A good web production manager should know how your site works, know front end coding, and the CMS systems you use to publish out content. They should be able to troubleshoot technical issue for the team, set up new designs using newly created modules, document new designs and lead regression testing. Team members should have confidence their manager will have an answer or jump in and help them out.
I worked for many years managing a group of publishers and coders that were located across the globe. The most challenging part of my job was dealing with time zones and various “hot” tools my managers wanted us to use. I could not begin to tell you all the latest and greatest new tools we were told to use, that didn’t help at all – yet high level executives wanted us to use for their flash.
Overall, It was a very rewarding experience. The thing I liked the best, was for me to get publishers up to a level where they could move on. They spent time learning more coding, learning our CMS, and how to work through projects with product owners and were able to leave fulfilled and get better opportunities with other companies. I, of course wanted my resources to stay forever, but that normally doesn’t happen. I actually didn’t realize I was doing that, but after a few folks moved on – to other roles, they were always so nice to let me know they learned a lot and were so happy to have been a part of the team. It was the best part of being a manager, because in essence, you should grow your group – like a teacher would do, so they feel empowered enough to move on and take on more challenges.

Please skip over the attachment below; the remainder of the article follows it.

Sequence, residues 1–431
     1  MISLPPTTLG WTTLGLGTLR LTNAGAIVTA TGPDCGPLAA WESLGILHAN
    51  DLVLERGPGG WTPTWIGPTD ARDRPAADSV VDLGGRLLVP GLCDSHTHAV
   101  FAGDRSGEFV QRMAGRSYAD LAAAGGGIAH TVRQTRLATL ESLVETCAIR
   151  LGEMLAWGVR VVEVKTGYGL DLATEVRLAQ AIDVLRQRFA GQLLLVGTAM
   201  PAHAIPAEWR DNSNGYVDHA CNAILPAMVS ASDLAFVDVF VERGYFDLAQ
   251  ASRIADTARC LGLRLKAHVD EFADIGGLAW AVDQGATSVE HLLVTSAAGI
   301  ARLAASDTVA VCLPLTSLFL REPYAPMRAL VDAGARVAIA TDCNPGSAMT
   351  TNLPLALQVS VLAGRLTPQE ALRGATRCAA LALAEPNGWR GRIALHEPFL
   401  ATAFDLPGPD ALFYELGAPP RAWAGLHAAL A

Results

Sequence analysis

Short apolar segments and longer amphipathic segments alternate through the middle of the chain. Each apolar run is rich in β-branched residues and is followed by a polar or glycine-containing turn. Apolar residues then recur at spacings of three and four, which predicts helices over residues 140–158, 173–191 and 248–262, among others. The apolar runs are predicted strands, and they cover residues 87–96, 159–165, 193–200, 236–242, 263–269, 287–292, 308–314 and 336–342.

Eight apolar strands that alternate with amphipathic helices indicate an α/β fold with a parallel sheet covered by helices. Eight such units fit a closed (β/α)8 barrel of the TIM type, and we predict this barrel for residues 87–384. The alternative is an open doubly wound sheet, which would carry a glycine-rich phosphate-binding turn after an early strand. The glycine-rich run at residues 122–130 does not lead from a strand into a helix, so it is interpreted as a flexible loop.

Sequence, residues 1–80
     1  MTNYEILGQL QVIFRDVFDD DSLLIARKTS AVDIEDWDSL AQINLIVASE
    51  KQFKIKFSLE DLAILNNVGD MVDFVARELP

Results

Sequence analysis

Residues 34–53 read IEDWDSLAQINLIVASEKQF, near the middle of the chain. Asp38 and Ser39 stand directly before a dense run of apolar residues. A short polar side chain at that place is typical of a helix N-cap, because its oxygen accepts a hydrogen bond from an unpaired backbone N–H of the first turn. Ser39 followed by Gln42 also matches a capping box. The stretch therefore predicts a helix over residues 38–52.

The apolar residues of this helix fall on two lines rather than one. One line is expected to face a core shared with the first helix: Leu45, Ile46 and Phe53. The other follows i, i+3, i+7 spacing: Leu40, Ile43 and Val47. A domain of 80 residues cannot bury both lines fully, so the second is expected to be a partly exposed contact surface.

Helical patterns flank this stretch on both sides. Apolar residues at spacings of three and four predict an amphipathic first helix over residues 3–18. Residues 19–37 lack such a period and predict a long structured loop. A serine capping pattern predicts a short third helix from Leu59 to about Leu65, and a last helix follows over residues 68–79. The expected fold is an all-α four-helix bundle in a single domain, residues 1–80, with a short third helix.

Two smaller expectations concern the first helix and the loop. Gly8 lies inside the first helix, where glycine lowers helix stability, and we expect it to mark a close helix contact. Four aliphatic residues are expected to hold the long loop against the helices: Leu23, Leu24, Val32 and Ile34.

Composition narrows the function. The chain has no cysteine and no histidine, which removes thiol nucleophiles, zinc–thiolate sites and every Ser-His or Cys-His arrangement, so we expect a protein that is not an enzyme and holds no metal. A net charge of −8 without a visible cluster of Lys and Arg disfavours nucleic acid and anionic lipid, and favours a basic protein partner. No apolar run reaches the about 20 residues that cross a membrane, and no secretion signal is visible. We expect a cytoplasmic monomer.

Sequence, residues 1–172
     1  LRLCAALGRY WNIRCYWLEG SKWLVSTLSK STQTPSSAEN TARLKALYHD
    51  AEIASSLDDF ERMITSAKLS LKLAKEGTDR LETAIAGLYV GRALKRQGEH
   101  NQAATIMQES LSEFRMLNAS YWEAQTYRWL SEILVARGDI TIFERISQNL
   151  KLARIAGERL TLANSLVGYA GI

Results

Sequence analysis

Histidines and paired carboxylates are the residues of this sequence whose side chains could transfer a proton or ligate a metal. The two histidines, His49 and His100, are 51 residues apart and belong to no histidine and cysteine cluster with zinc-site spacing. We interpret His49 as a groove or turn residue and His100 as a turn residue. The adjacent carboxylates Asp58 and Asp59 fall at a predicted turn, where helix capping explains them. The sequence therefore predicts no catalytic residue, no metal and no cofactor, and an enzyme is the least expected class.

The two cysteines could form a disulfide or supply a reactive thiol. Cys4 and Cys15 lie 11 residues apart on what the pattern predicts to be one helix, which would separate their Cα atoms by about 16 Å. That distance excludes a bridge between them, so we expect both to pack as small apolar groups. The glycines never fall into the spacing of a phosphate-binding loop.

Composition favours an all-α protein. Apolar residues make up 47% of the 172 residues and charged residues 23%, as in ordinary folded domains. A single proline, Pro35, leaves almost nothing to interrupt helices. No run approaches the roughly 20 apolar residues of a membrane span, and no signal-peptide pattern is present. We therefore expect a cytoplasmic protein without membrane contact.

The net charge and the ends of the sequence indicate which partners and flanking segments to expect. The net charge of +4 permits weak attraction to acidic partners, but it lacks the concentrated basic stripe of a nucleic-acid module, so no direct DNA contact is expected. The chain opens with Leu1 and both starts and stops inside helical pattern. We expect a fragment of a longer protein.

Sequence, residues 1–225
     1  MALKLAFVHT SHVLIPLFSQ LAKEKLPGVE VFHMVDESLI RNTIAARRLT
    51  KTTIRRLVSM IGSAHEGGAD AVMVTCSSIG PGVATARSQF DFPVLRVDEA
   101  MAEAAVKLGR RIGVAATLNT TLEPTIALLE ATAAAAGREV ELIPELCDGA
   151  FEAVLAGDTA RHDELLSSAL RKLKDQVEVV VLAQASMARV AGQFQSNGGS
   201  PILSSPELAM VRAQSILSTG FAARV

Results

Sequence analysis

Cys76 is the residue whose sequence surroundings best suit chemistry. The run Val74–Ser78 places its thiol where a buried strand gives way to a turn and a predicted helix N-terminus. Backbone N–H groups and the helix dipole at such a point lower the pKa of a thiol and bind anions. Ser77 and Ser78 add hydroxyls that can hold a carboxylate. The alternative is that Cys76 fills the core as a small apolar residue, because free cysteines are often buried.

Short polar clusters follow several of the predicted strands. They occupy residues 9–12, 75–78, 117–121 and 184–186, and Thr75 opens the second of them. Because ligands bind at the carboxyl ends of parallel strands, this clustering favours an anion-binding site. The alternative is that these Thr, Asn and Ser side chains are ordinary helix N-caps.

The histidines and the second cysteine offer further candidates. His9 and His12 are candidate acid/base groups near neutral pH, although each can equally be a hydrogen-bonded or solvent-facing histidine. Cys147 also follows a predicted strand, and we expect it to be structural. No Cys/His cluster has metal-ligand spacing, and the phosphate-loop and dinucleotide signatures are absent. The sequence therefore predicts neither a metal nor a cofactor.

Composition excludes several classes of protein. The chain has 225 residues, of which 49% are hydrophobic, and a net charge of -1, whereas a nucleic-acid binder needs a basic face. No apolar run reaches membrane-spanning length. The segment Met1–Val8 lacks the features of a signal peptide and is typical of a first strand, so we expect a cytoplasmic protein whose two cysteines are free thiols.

The key, I’ve found over the years, is to be a manager that actually does the same work they do, get into the system, take projects on, because then you can clearly see what your team is dealing with and plan and fix processes to help your group do a better job. At times it was re-training, other times it was only documentation, but there is always something you can do, you just have to be in “it” with them to understand.
Keys to success –
- Keep your group out of constant meetings – be the filter between them and business so they can focus on coding and not the back and forth content strategy discussion that can happen.
- Get clear definitions of the project – everything technical to design
- Scope project correctly for them – if you are assigning to a resource already working on 5 other projects, make sure they understand deadlines and priorities.
- Negotiate with the business owners – let them know you can do certain things quickly but other projects – such as more complex new designs, have to be scheduled out.
- Document SLA’s for the groups – for every type of project.
- Document Web Templates so that you have them for easy consumption if a resource leaves or for reference.
- Don’t schedule too many meetings.
- Be available on IM as much as possible if issues arise.
- When new templates or designs are introduced, document them and review them with the group.